Mrs. Avery. I have to report the result of the election. Total number of votes cast, 385; necessary for a choice, 193. Mrs. Deere, 78; Miss Miller, 4; Mrs. Griscom, 164; Mrs. Depue, 7; Mrs. Hatch, 45; Mrs. Emerson, 107; Mrs. O'Neil, 99; Mrs. Newman, 171; Miss Benning, 9; Mrs. Taplin, 18; Mrs. Tittmann, 21; Mrs. Cameron, 45. For one year, Mrs. Crossman, 121; Mrs. Goodloe, 136; Mrs. Penn, 118; Miss Johnson, 37; Mrs. Mell, 13; Mrs. Chipman, II; Mrs. Warren, 3; Mrs. Roebling, 130; Mrs. Thaw, 78; Mrs. Shippen, 70. Ladies, there is no election of any one.
Mrs Lyon. I move that the names of the three ladies receiving the highest number of votes on each list be retained for our candidates and all others dropped.
PRESIDENT GENERAL. The Chair is obliged to rule that out of order. Before the balloting is begun any one may withdraw her candidate from the list, but in no other way can it be done.
Mrs. KENDALL, of Maine. I move that the Congress express its appreciation of the patriotism of Merion Chapter in presenting this flag.
PRESIDENT GENERAL. The Chair is obliged to rule that out of order, as we are in the midst of another vote.
Mrs. NEWCOMB. I move that we postpone this until this evening, as so many ladies have left the house.
PRESIDENT GENERAL. The Chair has a good deal of sympathy for the Chief Teller. She was up until three o'clock this morning, and I think we should have some sympathy, some consideration, for the Tellers. [Applause. Are there any names to be withdrawn from the list?
Mrs. King. I desire to withdraw the name of Miss Benning from the list.
PRESIDENT GENERAL: Mrs. King withdraws the name of Miss Benning
Mrs. ARMSTRONG. Would it be in order to ask the Chair· man of the Tellers to read the list of four ladies receiving the
highest number of votes? A request is made that the Chairman read the list of those, two on each list, receiving the highest number of votes, two from the two year list, and two from the one year.
PRESIDENT GENERAL. Some one made a request for three; that was the first request; three of each was the first request. Will the Teller please read ?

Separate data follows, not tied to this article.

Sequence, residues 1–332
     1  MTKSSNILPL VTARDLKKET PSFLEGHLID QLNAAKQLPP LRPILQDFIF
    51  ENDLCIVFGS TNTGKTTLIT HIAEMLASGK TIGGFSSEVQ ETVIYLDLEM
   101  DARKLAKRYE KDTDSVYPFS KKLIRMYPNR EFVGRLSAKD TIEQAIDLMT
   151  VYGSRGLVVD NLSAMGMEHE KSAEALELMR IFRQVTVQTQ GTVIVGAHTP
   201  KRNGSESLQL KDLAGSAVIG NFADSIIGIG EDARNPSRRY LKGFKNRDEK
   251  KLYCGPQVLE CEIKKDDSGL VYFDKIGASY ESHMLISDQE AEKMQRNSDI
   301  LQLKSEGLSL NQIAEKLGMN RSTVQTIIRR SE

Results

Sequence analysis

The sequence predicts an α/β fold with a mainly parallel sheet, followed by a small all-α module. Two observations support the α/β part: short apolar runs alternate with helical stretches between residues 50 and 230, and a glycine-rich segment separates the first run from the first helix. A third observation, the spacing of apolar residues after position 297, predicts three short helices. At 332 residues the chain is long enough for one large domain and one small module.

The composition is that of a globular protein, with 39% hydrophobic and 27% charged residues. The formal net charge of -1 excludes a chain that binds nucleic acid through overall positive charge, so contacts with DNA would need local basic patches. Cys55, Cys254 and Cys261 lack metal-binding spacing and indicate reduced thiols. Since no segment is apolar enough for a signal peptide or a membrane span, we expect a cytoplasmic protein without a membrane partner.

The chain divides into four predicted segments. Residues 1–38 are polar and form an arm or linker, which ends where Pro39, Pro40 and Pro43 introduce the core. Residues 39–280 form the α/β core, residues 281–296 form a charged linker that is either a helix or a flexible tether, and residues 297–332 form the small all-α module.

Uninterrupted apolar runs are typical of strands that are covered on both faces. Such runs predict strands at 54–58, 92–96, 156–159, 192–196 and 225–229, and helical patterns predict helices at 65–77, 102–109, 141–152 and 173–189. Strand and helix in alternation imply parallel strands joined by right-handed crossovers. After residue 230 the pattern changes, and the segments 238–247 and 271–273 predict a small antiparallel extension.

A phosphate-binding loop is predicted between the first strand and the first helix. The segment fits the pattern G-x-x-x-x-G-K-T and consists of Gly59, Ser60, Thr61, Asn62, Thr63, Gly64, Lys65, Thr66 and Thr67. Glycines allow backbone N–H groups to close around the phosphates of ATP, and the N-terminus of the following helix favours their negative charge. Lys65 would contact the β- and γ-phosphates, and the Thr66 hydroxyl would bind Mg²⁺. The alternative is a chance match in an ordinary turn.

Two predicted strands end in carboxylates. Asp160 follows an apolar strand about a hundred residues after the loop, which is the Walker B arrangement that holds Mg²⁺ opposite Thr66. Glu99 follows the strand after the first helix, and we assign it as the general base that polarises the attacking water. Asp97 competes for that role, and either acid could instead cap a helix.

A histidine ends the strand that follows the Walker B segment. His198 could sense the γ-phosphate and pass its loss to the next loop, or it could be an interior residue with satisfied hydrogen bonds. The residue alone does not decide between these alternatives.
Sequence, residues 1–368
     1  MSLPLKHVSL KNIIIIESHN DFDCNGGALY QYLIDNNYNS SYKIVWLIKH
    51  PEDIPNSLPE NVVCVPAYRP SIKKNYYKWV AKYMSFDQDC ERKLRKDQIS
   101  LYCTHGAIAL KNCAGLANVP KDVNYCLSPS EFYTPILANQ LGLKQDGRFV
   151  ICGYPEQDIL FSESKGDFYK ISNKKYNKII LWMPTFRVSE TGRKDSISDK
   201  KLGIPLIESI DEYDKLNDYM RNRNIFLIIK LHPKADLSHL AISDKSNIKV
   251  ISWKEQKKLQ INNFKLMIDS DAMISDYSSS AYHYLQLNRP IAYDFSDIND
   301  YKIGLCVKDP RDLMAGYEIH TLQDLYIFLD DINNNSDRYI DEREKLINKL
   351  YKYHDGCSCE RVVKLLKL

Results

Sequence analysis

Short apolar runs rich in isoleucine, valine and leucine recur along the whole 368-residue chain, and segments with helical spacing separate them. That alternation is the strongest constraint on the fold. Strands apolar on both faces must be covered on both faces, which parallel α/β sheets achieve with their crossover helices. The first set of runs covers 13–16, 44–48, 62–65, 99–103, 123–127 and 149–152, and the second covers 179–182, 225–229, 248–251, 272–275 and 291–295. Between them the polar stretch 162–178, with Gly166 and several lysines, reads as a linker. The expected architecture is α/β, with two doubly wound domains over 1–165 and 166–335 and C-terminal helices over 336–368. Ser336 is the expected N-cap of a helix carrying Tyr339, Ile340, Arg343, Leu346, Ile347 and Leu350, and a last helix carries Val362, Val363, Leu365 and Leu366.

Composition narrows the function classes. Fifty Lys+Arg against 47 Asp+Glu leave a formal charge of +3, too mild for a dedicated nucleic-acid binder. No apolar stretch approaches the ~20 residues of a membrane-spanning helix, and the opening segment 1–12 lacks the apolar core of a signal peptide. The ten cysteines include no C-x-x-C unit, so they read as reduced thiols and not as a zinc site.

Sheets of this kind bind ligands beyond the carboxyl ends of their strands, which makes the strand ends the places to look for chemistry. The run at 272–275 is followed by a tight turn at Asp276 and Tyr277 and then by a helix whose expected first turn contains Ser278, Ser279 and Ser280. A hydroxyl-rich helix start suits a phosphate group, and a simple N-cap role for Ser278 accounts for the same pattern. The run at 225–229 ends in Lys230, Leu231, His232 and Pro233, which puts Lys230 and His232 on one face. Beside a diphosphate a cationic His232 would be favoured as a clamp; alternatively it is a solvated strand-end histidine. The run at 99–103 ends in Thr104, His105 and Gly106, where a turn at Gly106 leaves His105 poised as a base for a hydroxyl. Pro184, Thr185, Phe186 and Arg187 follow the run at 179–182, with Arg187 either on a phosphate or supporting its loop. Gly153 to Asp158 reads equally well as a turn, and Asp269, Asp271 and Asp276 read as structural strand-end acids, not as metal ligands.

Mrs. AVERY. I will read the names in the order of the votez cast, the highest number. There are three in the two year list that received over 100 votes-Mrs. Newman, 171; Mrs. Griscom, 164; Mrs. Emerson, 107. For the one year list, Mrs. Goodloe, 136; Mrs. Roebling, 130; Mrs. Crossman, 121. Those are the highest names.
PRESIDENT GENERAL. The two highest of each year.
Mrs. AVERY, Mrs. Newman, 171; Mrs. Griscom, 164; are the two highest for the two years; for one year list, Mrs. Goodloe, 136, and Mrs. Roebling, 130, for the one year list.
Mrs. Colton. I had the pleasure of nominating Mrs. O'Neil. I now, at her request, withdraw her name. (Cries of "No, No.") Mrs. O'Neil insists, ladies.
Mrs. TORRANCE. I would move that those who have :eceived less than 90 votes should withdraw the names of their candidates.
PRESIDENT GENERAL. It is moved and seconded that those receiving less than 96 votes should withdraw their candidates. That cannot be ordered. They have to be withdrawn by the person nominating them. That is the only way they can withdraw.
Miss LATHROP. I would like to withdraw the name of Mrs. A. J. Chipman from the one year list.
Mrs. NEWCOMB. I would like to withdraw the name of Miss Elizabeth Bryant Johnston írom the list.
PRESIDENT GENERAL. Will some of the States send up new tellers, as the young ladies who served last night and to-day are really very tired?
Mrs. ROBERTS. There is such a depletion of the delegates it is very difficult to get tellers. Nearly all of the alternates, or many of them, have gone home.
PRESIDENT GENERAL. The lady nominating Mrs. Tittmann wishes to withdraw her name. The lady nominating Mrs. Cameron wishes her name withdrawn.
A MEMBER. How many votes are required to elect a nominee?
PRESIDENT GENERAL. Will the Chairman of Tellers please state? I shall have to ask the house to be quiet. Will the house be quiet while the Chief Teller announces?
Mrs Avery. I would say, the number of votes necessary for an election in the election just passed is 193. What it will be in the election to come I cannot tell; it will depend upon the number of ballots cast.
PRESIDENT GENERAL. The lady nominating Miss Miller wishes her name withdrawn.
Miss BATCHELLER, of New Jersey. In the absence of those who nominated Mrs. Depue and Mrs. Shippen, of New Jersey, at the request of the remaining members of the New Jersey delegation I desire to withdraw their names; Mrs. Depue, Mrs. Shippen, and Mrs. Oliphant.
PRESIDENT GENERAL. Are you ready to vote? Are the ballots ready to be distributed ? Where are the ballots? A motion has been sent up that I would like to have read.
READER. Miss Newell, of Wisconsin, moves that the roll call for balloting be reversed in favor of those who have so far waited until the last, beginning with W and ending with A."
PRESIDENT GENERAL. All in favor of this motion will please say "aye;" opposed, "no." The motion is carried.
Mrs. GREENLEAF, of California. I simply wanted to announce that I have a telegram from the Puerto del Oro Chapter, of San Francisco, saying they would like to contribute $25 to the Continental Hall fund; the money will be sent to the Treasurer General.
READER. This contribution is from Mrs. Franklin W. Hopkins, who wishes $15 credited to herself and $10 to be credited to the Little Men and Women of '76 Society of the Children of the American Revolution, of which she is President, making in all $25.
Mrs. LOTIROP. I also have to announce that the Old North